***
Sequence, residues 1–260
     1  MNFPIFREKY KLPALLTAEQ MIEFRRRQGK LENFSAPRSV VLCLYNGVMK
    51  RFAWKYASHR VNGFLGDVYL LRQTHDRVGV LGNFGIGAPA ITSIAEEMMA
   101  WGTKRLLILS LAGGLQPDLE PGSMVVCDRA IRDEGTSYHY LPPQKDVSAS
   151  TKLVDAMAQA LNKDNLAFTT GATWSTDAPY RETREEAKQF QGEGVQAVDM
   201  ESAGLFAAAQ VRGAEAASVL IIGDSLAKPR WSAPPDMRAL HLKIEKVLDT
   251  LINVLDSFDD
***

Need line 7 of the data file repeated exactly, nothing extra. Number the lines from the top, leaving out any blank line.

   251  LINVLDSFDD